Swearin’ – Surfing Strange review

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Surfing Strange

Surfing Strange
Swearin’
Salinas Records

Brooklyn four-piece Swearin’ released my favourite record of 2012. Their nostalgic approach to recapturing the pop-punk sound of the 80s and 90s – reminiscent of The Descendants and The Breeders – totally swept me away. Last year’s self-titled album was just over thirty minutes of pure energy. It consisted of infectious hooks, raunchy layered guitars, tight, compounded song structures and excellent wordplay from lead singers Alison Crutchfield (sister of Waxahatchee’s Katie Crutchfield) and Kyle Gilbride. Its pervasive themes were angst and the future, conveyed with turbulent anger. The album perfectly encapsulated how it feels to be an angry, anxious twenty-something.

On Surfing Strange, Swearin’ sound far more settled and composed. Gone is the energy of the vibrant first LP and ushered in is a more docile approach to songwriting. Their influences for this record are apparent; Swearin’s punk sensibilities are replaced with more of a general 90s indie rock approach. They were definitely spinning a bunch of Pavement and Sonic Youth records when they were recorded this, which isn’t a bad thing!

The first track released off the album, ‘Watered Down’ is a testament to how much the band’s sound has changed. The heavy bass line in combination with the cool, breezy guitar effects create a sound reminiscent of previously mentioned indie deities, Pavement – but sonically the song is unlike anything Swearin’ have released to date. The song flirts with reverting back to a sound reminiscent of something they would have released prior to Surfing Strange with heavy guitar downstrokes after the chorus, only to abruptly end and be replaced with airy guitar effects, a hypnotic bass line, and nasal vocals.

The third track on the album, ‘Mermaid’, begins with a brooding bass line and a sudden, ominous guitar riff. Gilbride speaks slowly over the dark melody channelling Lee Ronaldo from Sonic Youth. Crutchfield begins to croon about halfway through the song, introducing a much needed and polarising melody. The song is darker than anything they have released to date, but it works really well.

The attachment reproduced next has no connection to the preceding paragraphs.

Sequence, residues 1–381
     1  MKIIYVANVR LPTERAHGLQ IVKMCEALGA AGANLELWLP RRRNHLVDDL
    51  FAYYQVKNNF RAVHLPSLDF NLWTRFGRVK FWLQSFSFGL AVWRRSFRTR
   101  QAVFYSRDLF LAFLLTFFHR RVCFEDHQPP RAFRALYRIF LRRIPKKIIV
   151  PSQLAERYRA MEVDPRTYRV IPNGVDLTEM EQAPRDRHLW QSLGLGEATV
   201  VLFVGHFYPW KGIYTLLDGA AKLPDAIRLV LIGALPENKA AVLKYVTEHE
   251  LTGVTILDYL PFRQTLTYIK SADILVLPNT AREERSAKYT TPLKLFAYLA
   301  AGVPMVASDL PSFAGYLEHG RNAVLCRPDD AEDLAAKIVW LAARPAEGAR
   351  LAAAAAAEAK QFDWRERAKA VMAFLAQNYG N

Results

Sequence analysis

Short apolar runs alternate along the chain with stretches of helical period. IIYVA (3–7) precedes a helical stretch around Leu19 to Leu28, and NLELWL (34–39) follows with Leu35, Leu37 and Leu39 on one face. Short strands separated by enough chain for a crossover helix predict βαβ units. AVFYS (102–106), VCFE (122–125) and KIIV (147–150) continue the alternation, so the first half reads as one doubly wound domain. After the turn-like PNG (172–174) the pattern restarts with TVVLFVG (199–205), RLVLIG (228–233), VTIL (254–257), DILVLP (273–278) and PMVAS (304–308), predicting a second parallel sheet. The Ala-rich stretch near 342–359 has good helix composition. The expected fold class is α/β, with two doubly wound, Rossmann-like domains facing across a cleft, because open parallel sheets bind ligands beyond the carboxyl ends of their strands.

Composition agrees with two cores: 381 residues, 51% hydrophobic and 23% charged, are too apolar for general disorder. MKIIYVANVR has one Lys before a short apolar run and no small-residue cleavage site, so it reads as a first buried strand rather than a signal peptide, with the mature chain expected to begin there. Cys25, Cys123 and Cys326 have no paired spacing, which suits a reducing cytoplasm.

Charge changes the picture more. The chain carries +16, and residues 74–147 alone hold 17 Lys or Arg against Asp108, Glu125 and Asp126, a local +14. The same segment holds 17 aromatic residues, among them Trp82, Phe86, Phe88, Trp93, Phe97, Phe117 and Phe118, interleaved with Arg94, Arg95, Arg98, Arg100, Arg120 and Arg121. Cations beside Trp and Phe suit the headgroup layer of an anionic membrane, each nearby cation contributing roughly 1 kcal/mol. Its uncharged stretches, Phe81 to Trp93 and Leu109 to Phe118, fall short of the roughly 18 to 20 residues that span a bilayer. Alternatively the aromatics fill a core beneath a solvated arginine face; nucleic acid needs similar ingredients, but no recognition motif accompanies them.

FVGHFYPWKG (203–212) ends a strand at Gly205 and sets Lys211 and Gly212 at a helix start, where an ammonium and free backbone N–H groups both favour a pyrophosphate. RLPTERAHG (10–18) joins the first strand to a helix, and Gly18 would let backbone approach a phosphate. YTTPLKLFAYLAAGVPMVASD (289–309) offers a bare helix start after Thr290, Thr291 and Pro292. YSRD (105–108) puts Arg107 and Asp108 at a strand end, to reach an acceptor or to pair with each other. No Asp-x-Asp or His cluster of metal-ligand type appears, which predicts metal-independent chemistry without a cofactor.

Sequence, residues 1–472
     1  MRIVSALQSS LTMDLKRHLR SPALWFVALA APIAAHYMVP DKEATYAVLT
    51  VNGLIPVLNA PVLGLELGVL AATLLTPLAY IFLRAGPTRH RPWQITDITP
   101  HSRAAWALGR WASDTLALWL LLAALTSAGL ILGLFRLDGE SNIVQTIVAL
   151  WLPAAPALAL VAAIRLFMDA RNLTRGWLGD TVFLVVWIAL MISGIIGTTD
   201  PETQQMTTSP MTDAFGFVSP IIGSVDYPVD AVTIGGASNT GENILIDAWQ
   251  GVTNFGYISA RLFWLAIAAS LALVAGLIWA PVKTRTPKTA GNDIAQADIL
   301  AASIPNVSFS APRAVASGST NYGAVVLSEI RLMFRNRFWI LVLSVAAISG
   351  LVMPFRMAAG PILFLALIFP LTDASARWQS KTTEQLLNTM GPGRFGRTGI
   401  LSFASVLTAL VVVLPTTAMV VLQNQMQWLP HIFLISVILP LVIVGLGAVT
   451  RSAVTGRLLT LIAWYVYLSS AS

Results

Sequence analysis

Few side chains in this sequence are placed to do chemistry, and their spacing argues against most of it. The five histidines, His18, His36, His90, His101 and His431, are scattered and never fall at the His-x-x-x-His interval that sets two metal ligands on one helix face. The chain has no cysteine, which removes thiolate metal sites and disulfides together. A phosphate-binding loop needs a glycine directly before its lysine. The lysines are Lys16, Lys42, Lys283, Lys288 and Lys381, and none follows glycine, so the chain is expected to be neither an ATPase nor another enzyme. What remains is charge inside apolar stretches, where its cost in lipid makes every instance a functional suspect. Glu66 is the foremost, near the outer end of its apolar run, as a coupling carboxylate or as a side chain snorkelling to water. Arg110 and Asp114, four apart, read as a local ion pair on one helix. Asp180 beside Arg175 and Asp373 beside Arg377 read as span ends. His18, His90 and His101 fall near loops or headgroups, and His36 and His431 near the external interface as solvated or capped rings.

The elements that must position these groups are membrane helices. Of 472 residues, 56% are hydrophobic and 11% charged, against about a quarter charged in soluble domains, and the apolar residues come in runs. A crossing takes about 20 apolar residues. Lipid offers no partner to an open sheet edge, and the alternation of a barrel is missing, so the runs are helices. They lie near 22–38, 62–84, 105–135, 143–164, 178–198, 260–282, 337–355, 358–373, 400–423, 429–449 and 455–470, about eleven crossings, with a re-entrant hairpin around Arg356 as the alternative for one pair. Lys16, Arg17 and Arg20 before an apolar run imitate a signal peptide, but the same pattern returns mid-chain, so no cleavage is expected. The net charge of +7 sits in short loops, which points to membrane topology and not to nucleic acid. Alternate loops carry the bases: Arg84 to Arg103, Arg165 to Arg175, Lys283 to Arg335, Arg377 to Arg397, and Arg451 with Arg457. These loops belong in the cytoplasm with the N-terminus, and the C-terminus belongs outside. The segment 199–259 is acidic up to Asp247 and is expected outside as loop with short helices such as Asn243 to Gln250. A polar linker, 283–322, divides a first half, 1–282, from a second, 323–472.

The excellent songwriting from the first release also makes its way back onto this album. Both Crutchfield and Gilbride are in fine form. Crutchfield creates really interesting imagery throughout the album, particularly on lead single ‘Dust in the Goldsack’. She sings: ‘Was it fair? / Ash in your long hair / You glare at the crack scene/ now it’s foggy windows’; these lyrics are pretty ambiguous but the word play is interesting and they evoke some seriously gritty images.

Additionally, Keith Spencer, who also serves as bassist in Waxahatchee, contributes his vocals and songwriting abilities to the songs ‘Melanoma’ and ‘Glare of the Sun’. His contribution is refreshing and his vocals sound bizarrely similar to Elliot Smith, a sound totally congruent with the rest of the album and its influences.

Swearin’s sophomore effort is definitely a success. Like so much of indie rock from the last five years it is very much an ode to a time of old. The tunes of this record are less rambunctious, but just as complex and well-written. Their evolution is a very pleasant surprise and I’m itching to hear what is going to come next from this Brooklyn act.

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